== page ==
To optimize your landing page design, these are the high-value elements we suggest positioning above the digital fold:
- Your offer and its key benefits
- Your value proposition (a statement indicating why visitors should do business with you)
- One or more easy to find, high-contrast calls-to-action
- A prominent search bar
- Your company logo
- Testimonials, ratings, or reviews.
Since visitors access your page using a variety of devices with varying screen sizes, the location of your page’s digital fold can vary. To find your page’s average fold location for both desktop and mobile devices, try using a scroll map.
The data a scroll map provides lets you position your landing page’s high-value elements above the fold in a way that works with multiple devices.
Re-Position Less Important Images And Information Below The Fold
Now you should have a better idea of which elements belong above the fold of your landing page. With this in mind, you might find your page in need of a significant redesign. You may need to bump some of the elements you currently have above-the-fold down below to make room for more high-value items.
As mentioned earlier, everything that’s above the fold on your landing page should serve your page’s primary purpose. Anything that doesn’t directly help this goal should be re-positioned.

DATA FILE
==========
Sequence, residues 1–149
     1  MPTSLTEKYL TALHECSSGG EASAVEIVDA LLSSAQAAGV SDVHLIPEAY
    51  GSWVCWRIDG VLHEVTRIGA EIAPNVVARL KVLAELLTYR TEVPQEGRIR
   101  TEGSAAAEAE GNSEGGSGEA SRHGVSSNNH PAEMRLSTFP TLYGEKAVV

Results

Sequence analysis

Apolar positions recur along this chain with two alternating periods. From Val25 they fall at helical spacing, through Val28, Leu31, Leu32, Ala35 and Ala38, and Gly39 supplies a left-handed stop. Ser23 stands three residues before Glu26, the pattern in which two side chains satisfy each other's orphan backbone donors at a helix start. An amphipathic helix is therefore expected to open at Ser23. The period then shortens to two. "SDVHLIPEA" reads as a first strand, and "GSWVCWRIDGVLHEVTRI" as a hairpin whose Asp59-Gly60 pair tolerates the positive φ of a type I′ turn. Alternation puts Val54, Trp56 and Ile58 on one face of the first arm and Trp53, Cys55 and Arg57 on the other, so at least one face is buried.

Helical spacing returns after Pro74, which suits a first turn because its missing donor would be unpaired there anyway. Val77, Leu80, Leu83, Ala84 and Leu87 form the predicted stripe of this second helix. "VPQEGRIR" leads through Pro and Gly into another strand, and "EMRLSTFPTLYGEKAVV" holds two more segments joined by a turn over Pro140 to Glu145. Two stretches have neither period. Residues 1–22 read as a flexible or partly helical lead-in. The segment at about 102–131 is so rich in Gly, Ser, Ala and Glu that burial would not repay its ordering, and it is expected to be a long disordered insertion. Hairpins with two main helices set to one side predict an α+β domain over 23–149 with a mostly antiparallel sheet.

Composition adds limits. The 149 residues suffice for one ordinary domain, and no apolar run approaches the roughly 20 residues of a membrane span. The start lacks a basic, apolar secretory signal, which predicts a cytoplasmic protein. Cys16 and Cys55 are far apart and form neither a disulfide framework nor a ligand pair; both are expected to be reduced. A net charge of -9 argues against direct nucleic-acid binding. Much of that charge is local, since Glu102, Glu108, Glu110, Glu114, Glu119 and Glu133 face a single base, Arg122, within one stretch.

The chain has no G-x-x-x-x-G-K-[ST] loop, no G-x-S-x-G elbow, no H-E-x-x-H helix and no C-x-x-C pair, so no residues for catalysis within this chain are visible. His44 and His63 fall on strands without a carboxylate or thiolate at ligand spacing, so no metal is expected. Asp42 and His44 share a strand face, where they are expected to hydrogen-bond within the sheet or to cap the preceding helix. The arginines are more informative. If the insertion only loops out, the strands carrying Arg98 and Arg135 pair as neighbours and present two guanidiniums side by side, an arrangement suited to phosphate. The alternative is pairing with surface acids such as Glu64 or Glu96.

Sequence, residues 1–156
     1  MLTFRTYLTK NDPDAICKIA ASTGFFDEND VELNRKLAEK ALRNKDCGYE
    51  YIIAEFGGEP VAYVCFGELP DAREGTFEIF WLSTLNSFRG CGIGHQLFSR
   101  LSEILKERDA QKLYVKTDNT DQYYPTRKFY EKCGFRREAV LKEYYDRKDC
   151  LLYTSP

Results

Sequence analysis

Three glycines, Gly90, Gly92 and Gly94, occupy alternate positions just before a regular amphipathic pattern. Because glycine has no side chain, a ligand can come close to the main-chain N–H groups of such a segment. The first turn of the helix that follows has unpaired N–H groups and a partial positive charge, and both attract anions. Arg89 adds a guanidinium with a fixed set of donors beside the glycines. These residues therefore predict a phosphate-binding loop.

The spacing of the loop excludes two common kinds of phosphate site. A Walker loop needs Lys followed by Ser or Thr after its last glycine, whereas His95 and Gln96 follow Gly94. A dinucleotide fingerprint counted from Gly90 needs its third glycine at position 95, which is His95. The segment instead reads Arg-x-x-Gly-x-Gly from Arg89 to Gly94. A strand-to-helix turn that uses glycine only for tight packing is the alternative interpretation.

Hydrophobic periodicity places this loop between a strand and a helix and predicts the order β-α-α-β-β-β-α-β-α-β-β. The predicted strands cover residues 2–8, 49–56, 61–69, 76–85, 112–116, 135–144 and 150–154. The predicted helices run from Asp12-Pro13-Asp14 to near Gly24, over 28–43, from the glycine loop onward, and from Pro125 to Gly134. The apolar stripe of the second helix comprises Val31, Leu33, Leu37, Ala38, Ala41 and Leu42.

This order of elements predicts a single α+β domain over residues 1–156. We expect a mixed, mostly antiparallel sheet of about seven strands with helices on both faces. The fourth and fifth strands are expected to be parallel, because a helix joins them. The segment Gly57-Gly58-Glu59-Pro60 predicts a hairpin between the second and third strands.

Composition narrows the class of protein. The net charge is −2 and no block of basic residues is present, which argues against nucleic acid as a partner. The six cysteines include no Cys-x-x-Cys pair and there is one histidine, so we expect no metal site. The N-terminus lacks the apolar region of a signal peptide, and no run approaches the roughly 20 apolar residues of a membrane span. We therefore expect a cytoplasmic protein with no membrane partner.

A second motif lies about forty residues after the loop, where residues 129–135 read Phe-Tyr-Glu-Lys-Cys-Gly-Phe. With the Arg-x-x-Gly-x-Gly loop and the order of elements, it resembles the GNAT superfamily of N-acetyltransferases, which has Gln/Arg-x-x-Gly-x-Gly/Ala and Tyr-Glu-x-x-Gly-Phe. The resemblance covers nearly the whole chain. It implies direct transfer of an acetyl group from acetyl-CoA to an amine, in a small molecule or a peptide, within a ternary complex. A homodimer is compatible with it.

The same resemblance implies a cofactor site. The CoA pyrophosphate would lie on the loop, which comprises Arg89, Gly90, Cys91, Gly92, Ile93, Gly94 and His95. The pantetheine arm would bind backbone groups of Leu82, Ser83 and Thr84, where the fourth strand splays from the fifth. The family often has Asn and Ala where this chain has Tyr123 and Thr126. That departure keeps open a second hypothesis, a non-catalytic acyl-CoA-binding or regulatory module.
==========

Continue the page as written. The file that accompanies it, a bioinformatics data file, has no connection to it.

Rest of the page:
For starters, rethink any hero images or sliders you have above the fold. These types of images occupy a lot of real estate and may force visitors to scroll before they see your call-to-action or value proposition. (Any additional action you force visitors to take causes friction, making them less likely to convert.)
Hero images and sliders can be eye-catching and engaging, but they do not directly help you fulfill your landing page’s main function.
Make A Darn Offer
When visitors arrive on your page, they want to know why they’re there, what’s the point, and what’s in it for them asap. So don’t waste time. Dazzle visitors with your offer straight away.
Your landing page’s offer should be crystal clear and tell people what they’re going to get and what they need to do to get it. Your offer should also reveal the cost of entry. This could be pricing information if your offer requires a purchase. Or, it could be an email address if your landing page aims to generate new leads.
Your offer doesn’t need a ton of details at this point. But your offer’s copy should evoke a positive emotional response from visitors. Think about your visitors’ goal—what they hope will happen as a result of your offer—and speak directly to that in your offer’s headline and text.
Use High-Resolution Images
We previously talked about how you may want to remove hero images and sliders from the top of your landing page, especially if they prevent you from including more important elements above-the-fold.
This isn’t to say that images, in general, aren’t important parts of your page. On the contrary, images are often more engaging and compelling than text. They are better equipped to evoke an emotional response from visitors. And their content is typically processed much faster than other types of content.